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Every generation has its movie icons, and among the most famous are those featured in horror films. From Freddy Krueger and Annabelle to Frankenstein and the Werewolf, these monsters are known for being sophisticated, resilient, and extremely hard to defeat.
But, even though they seem invincible, every monster has its weaknesses and vulnerabilities. In the case of the Werewolf, the only way to defeat it was by means of a silver bullet. The term “silver bullet” ended up becoming a popular metaphor for a final solution to a tough, long-standing problem.
Some maintenance organizations have searched for their own silver bullet to optimize maintenance management, reduce costs, and achieve world-class metrics. However, often, it’s discovered that their silver bullet (a new strategy, methodology, or tool) proves unsuccessful.
During my decades-long maintenance and reliability career, I have witnessed many of these failed silver bullets, including:
For many companies, their silver bullet is Total Productive Maintenance (TPM). While effective in certain cases, it can also lead to more problems if implemented incorrectly.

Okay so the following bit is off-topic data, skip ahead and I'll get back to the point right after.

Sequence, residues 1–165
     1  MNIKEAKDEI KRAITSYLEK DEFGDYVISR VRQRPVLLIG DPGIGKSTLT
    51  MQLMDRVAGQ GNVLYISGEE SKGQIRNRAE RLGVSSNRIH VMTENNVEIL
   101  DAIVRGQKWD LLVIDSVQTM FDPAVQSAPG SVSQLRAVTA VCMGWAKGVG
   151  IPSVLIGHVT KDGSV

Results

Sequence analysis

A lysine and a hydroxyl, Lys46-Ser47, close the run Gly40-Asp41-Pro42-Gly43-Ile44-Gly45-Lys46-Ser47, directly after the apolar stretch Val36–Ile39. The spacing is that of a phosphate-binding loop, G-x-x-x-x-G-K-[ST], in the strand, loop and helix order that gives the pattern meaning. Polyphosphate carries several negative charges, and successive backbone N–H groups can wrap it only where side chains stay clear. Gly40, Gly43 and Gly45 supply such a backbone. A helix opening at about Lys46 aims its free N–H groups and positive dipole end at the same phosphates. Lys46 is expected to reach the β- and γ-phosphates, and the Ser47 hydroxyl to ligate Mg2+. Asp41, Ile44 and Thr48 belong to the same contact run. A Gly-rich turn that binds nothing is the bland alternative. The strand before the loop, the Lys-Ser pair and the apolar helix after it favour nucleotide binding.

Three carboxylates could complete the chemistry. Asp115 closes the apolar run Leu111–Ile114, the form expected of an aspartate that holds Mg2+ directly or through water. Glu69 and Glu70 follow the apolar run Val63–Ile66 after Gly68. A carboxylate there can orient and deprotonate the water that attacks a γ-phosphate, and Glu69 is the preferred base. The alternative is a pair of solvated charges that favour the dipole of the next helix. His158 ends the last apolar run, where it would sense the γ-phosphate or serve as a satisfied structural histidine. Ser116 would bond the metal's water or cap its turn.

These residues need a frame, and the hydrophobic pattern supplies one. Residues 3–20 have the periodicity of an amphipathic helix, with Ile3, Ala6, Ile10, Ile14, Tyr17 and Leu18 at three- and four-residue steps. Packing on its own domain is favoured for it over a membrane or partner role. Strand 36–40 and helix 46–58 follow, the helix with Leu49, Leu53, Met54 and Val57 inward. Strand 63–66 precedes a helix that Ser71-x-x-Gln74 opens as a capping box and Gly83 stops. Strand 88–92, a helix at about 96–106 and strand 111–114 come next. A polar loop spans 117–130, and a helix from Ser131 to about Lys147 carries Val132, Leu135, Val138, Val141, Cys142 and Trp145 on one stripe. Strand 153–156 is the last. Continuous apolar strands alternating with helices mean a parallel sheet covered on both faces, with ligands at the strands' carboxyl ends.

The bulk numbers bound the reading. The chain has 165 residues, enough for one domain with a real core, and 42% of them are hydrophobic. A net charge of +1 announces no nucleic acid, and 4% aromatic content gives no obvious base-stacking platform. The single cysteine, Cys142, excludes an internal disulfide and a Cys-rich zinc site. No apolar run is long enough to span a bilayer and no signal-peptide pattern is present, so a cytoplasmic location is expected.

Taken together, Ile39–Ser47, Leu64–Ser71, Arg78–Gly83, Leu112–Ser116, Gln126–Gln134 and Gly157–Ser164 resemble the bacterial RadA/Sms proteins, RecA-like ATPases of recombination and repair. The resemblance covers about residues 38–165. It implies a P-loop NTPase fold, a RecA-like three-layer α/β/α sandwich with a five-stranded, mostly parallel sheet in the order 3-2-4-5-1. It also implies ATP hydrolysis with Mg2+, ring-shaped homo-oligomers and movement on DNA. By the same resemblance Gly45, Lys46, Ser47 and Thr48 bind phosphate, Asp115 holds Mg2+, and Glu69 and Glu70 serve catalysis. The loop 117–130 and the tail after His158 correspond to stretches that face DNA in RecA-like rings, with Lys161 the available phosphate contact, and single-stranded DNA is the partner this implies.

One example I personally witnessed was with an oil and gas company. They began implementing TPM initiatives in their maintenance department, but they failed to establish a corresponding partnership with the operations department. The maintenance team began the implementation process by itself, because, as “specialists,” they believed they could find success on their own.
They were wrong, and ultimately the implementation process failed.
Why? Not only did they fail to establish a partnership with the operations team, but they did not analyze their stakeholders; this company was part of a union, and when union leaders realized they had been left out of the implementation process, they had strong opposition to the entire project.
Another case I witnessed took place in a reducer manufacturing company, where during implementation, they transferred certain maintenance tasks from the mechanics to the operators without first providing proper training.
As a consequence, during the maintenance of a critical reducer, defective work was performed, and the reducer was damaged beyond repair.
I would add, as important as training is, the tasks must also be standardized so they can be fully comprehended by the team members performing them. This allows them to perform the maintenance tasks in a standard way. Without effective training, TPM can be a path to failure.
As further evidence of the potential dangers, I would like to refer to two studies that reviewed the potential problems associated with TPM implementation.